Of course, even the best regulators can’t prevent all problems – Bernie Maddoff and Enron managed to evade the scrutiny of the US regulators for some time – but you have better chances of avoiding fraud and more recourses in case of problems in these countries.
Britain used to be the regulatory home of choice for firms operating in the EU, but since Brexit, Cyprus has largely taken over that roll. Cyprus has become the Silicon Valley of online FX trading, with over 100 firms operating there.
Other brokers are located in even more exotic places, such as Bulgaria and Malta. Finally, the far-away islands of Mauritius and Vanuatu are also up-and-coming homes for FX brokers. You can open up a brokerage in Vanuatu with only $2,000 in capital and no local office or local employees. Think about that.
And if the broker isn’t regulated anywhere, then don’t even think of putting your money there.
See our in-depth focus piece on regulators.
Transaction costs are probably the second-most important issue for most traders. Once you’re confident you’re going to get your money back, the next question is how much money you’re likely to make.
How important spreads and commissions are to you depends to a large extent on your trading style. If you’re going to be going in and out of the market all day in hopes of making 5 or 10 pips, your transaction costs will be a key issue for you. If you’re going to put on a position for several months and try to ride a trend for 500 pips, then transaction costs are less important for you than other features. So you’ll need to balance cost vs other issues.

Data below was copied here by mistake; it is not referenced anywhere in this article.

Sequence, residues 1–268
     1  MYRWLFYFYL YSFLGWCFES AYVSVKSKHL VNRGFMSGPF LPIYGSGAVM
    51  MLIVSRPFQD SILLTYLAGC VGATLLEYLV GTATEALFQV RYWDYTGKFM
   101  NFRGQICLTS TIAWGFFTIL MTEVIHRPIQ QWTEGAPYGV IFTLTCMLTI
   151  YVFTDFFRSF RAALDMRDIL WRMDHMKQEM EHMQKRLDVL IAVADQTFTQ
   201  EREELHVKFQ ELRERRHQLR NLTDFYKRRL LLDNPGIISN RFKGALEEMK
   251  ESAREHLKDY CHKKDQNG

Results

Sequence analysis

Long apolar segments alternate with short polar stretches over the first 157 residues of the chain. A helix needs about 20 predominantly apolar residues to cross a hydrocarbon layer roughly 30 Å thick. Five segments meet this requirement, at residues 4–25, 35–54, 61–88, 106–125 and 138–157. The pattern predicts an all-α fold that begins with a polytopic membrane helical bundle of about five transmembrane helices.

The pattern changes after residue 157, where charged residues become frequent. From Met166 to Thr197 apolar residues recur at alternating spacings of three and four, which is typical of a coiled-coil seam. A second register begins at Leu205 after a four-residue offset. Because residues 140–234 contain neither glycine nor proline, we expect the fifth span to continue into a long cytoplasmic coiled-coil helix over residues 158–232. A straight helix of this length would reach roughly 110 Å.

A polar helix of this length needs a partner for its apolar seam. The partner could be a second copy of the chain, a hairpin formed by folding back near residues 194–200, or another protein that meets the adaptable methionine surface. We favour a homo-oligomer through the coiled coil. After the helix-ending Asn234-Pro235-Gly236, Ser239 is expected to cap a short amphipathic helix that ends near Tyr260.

Execution could be considered another aspect of transaction costs. You of course want to get the best possible price when you trade. Assuming the market is trading normally, you should get filled (i.e., your order should be executed) at about the price you see on the screen when you execute the trade. You shouldn’t get any re-quotes or slippage unless the market is particularly volatile. You should also get filled almost instantly. Speed is particularly important if you’re a short-term trader trying to make just a few pips here and there. In that case, even a small delay or a small difference in price can make a big difference in your P&L over the course of a day.
Verifying your broker’s prices
You can check your broker’s execution by comparing their prices with those of another broker. You could use another broker’s prices or subscribe to an independent price feed, such as Reuters. And you should always take a screen shot of your screen when you make a trade, so that you have a record of exactly what the conditions were when you pulled the trigger. That will give you some solid evidence in case you ever have to dispute the price that you got with your broker.
Deposits and withdrawals
You want to make sure that you can deposit money easily with your broker. It’s even more important to make sure that you can withdraw it easily when you want to. That money you have on deposit with the broker is yours. The broker only holds it so that you can trade when you want to. There shouldn’t be any issues if you want to withdraw your money. The process should be as easy as depositing money. Learn from our experience with the broker. Don’t put your money into a roach motel, where you can deposit funds but can’t withdraw.